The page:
Since all of our adoptable cats and kittens come from other partner shelters, they have been exposed to various Upper Respiratory Infections. Think of a shelter environment like a kindergarten class. One child comes to school with a cold, but while all the kids in the class have been exposed, not all of them will get sick.
While the cat/kitten may show no signs of illness while here at The NOAH Center, it is not uncommon for them to become symptomatic from the stress of having their spay/neuter surgeries and/or entering a new home environment.
Common symptoms include sneezing and clear discharge from their eyes or nose. While healthy, adjusted cats overcome their “colds” quickly without treatment, shelter pets can take a little longer due to the extra stresses they’ve had in their lives.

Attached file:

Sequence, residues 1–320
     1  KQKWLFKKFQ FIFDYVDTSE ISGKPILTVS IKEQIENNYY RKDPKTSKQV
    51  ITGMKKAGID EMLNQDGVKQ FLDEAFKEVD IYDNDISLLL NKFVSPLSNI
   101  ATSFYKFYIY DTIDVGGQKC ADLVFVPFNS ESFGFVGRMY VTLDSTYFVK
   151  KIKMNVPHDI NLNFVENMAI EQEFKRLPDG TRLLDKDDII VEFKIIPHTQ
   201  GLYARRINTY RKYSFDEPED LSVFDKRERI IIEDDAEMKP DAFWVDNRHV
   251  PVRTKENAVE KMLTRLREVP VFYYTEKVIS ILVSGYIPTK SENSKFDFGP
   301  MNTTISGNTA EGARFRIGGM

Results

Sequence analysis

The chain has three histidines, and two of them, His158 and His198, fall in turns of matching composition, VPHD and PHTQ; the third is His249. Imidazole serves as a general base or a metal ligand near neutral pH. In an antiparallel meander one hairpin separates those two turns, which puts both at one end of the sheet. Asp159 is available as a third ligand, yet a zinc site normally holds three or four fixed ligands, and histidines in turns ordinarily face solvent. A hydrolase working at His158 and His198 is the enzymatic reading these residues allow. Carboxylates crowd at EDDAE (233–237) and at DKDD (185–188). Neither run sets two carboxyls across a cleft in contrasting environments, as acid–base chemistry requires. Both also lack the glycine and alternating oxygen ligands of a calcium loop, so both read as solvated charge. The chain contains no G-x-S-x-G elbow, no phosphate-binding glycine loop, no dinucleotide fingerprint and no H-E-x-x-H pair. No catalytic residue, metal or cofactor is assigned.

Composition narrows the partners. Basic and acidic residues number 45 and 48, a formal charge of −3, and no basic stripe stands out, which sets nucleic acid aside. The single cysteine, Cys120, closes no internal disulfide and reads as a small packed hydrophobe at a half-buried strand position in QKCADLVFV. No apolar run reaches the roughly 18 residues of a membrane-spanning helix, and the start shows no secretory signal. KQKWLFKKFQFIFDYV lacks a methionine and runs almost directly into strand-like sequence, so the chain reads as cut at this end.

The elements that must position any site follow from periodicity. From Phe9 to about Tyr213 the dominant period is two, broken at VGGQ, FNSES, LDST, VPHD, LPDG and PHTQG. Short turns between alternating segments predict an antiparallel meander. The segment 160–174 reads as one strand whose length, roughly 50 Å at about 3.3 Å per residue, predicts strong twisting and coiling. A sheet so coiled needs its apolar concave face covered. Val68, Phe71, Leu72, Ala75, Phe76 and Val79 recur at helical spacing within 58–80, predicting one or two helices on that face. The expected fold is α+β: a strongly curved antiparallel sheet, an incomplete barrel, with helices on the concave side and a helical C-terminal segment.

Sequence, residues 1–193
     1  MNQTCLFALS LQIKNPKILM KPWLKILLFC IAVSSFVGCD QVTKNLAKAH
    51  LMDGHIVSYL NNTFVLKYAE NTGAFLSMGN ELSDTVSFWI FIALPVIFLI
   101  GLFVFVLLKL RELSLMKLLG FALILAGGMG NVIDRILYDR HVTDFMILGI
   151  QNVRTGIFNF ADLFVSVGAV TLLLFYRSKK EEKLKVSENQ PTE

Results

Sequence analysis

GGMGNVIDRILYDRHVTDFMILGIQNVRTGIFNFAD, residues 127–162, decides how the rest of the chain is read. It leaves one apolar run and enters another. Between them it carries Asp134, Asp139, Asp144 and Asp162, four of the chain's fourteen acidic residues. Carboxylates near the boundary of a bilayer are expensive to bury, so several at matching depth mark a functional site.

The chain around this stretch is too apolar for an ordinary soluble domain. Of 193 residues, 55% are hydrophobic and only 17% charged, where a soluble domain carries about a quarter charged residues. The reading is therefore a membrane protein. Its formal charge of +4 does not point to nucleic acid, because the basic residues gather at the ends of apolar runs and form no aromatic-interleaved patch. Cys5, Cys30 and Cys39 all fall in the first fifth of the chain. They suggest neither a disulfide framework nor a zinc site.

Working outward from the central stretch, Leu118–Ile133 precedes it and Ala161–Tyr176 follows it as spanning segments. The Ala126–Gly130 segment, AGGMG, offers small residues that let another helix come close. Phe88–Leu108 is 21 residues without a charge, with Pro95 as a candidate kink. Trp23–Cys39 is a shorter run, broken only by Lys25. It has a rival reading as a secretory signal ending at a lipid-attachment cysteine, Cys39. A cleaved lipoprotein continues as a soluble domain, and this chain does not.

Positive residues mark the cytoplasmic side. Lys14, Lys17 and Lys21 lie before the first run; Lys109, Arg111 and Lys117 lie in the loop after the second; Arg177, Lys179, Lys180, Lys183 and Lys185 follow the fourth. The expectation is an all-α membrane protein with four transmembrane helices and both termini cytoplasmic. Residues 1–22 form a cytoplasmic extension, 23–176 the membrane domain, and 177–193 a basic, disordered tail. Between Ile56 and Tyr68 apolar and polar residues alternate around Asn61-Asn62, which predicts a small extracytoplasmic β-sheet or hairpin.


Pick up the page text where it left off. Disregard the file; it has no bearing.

Please watch your kitty closely for the following signs that they need veterinary care:
- labored breathing
- lack of appetite
- eye discharge turning yellow or green,
If you are seeing these signs, your cat or kitten may have developed a secondary infection and could require antibiotics prescribed by your veterinarian.
Upper Respiratory Infections can infect other cats in your home, which is one of the many reasons we strongly encourage that adopters provide each new kitty with a “sanctuary” room for 7 to 10 days before being introduced to the other pets in the household.